This article is part of a series of articles that I am writing to illustrate the use of EMC Centera SDK and the .NET wrapper being developed as open source project to store “fixed content” on the EMC Centera storage appliance. But before I start, I like to explain what is “fixed content” and give an overview of the reasoning behind the emerging of this type of storage.
Fixed Content Definition
Fixed content is information that never changes after creation. It's actively referenced, typically shared among users and must be retained (maintaining a copy of fixed content for a mandatory period of time) for a long period of time. Examples include: electronic documents, presentations and e-books; rich media such as movies, videos, digital photographs and audio files; check images and financial statements; bioinformatics, X-rays, MRIs and CAT scans; CAD/CAM diagrams and blueprints and e-mail messages.
Example of “Fixed Content”
• An average enterprise (a 250-person organization) generates approximately 1.5TB of e-mails per year.
• A picture archive in a large hospital may generate more than 5TB per year in digital X-rays or MRIs.
• Banks are scanning millions of check images per year, requiring multiple terabytes of storage.
State of the Industry
Large portion of all digital information is fixed content. It is expected that fixed content to be the largest portion of digital content created by the human race in the next century. Exceeding all dynamic content put together.
Also, Information life cycle drives to more fixed content. Enterprises embracing things like E-mail and Electronic documents are increasing the need for fixed content storage exponentially. Finally, emerging regulations requiring retention (maintaining a copy of fixed content for a mandatory period of time) in the Financial and Healthcare industries are creating a huge need for fixed content storage and fixed content solutions.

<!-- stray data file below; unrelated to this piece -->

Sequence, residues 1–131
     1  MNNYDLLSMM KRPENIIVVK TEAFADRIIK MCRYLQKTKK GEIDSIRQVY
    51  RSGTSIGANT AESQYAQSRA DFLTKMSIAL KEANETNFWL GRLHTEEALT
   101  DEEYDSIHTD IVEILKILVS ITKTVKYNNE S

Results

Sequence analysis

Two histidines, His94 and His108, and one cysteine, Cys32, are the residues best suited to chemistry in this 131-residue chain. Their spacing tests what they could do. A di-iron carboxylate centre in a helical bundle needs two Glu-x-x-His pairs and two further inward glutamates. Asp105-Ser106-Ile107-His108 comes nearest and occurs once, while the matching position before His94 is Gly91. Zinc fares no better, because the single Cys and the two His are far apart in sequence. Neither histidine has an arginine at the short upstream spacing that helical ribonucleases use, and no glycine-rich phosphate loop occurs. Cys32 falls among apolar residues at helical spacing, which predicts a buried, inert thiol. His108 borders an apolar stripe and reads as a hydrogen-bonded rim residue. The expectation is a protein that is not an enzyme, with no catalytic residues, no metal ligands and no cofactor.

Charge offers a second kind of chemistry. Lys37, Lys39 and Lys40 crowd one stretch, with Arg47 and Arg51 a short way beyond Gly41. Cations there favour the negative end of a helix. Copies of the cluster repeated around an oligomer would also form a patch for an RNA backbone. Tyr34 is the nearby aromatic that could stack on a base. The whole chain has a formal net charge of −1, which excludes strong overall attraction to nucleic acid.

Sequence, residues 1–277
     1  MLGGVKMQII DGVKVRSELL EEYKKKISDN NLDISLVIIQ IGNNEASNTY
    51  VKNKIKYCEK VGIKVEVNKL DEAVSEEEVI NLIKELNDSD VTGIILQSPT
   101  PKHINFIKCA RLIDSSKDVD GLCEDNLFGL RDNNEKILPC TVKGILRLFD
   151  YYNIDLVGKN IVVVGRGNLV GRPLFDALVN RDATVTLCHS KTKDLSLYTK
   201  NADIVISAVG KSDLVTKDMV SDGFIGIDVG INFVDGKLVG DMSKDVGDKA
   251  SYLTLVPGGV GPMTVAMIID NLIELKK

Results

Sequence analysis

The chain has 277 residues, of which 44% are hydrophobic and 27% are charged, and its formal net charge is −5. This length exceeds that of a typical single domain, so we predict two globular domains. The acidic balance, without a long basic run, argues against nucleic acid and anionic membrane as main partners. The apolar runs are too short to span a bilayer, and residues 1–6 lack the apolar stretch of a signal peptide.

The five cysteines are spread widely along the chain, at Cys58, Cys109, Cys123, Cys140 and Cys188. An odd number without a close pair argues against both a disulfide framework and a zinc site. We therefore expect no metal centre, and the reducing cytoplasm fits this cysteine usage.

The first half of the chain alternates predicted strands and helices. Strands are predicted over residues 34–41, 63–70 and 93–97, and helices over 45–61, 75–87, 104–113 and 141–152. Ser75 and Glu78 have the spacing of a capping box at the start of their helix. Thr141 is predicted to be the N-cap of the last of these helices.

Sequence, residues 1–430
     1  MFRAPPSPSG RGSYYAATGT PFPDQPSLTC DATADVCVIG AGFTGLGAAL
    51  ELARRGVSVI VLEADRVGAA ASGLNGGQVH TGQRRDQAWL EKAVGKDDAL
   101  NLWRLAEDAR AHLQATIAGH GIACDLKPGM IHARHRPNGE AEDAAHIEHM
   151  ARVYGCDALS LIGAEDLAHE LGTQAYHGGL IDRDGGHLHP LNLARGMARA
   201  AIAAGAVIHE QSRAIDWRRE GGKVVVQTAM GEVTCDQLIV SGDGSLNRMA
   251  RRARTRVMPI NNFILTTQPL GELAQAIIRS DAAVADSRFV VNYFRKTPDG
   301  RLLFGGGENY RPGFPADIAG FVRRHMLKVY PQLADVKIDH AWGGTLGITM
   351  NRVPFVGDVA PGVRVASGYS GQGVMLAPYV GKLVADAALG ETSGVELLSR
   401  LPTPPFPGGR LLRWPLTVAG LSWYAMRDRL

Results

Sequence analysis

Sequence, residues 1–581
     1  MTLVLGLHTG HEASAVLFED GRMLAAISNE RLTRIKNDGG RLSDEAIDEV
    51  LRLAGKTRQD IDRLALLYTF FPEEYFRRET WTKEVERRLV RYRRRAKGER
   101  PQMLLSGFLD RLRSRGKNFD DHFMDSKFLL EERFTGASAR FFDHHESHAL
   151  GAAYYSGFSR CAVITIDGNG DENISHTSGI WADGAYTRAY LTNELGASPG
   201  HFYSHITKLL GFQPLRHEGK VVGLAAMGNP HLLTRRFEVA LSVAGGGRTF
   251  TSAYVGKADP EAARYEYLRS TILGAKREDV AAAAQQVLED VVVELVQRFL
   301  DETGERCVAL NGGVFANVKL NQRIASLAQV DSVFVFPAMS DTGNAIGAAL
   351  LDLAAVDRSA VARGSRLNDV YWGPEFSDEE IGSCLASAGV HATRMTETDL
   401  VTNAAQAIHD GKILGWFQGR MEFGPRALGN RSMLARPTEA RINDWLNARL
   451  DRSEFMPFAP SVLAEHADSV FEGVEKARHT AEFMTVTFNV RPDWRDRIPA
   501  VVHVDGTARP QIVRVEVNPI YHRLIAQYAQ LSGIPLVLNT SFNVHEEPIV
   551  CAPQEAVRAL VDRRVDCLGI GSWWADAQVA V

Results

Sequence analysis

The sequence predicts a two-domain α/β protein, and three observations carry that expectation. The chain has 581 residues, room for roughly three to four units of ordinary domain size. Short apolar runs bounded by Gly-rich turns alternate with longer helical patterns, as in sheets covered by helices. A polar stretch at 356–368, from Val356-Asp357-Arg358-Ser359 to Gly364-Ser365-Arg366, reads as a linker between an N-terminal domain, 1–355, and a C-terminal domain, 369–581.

EMC Centera appliance is one of the appliances that are available in the market today to satisfy that need. Other companies like NETApp has solutions equivalent to the Centera. But this series of articles are specific to showing how to code using the Centera SDK.
What you will need to be able to develop against the appliance
1. To start wrWhat you will need to be able to develop against the appliance iting content to the Centera Appliance you will need to have the Centera SDK. You will need to register on the EMC site to download the SDK. There are a number of versions of the SDK available for download. Use 3.1SP1 version.
The following link will take you to the site to download the SDK:
Note that the only way to save content on most “fixed content” storage device is through the use of the device propriety API(s) that the manufacture of the device publishes. Some manufactures do offer an open standard (CIFS, NFS, HTTP and WebDAV interfaces) to read/write to their own devices. But, usually, you end-up losing a lot of the device power. Things like WORM (Write-once-read-many) functionality, or retention capabilities are usually lost with the open standards.
2. You also will need the .Net wrapper for the Centera SDK. The latest version of the opensource.net project is on sourceForge. The link is: http://sourceforge.net/projects/cosi-dot-net